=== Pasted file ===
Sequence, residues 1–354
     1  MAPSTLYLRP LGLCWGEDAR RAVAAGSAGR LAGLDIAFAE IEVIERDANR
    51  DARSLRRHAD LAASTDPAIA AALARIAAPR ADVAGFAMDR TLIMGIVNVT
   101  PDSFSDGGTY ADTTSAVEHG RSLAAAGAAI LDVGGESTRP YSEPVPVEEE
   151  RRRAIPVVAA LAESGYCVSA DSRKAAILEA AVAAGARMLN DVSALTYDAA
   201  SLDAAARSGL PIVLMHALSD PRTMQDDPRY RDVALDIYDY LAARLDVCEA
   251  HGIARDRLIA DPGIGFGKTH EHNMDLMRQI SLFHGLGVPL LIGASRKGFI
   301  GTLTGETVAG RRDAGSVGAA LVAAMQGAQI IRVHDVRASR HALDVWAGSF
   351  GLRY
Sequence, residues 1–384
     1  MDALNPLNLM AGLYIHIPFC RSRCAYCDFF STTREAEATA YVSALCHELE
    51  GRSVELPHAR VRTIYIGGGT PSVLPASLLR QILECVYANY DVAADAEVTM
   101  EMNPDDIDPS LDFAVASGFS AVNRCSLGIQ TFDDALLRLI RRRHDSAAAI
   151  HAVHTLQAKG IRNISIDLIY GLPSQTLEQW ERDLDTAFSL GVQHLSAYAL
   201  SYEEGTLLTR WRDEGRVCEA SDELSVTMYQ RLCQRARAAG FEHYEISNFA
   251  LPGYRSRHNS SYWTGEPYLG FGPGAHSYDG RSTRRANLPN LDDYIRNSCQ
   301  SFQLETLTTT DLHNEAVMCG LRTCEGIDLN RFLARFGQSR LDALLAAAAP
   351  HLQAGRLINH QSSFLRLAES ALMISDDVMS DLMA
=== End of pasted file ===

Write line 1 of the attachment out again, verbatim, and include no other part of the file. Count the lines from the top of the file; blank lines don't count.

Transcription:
Sequence, residues 1–354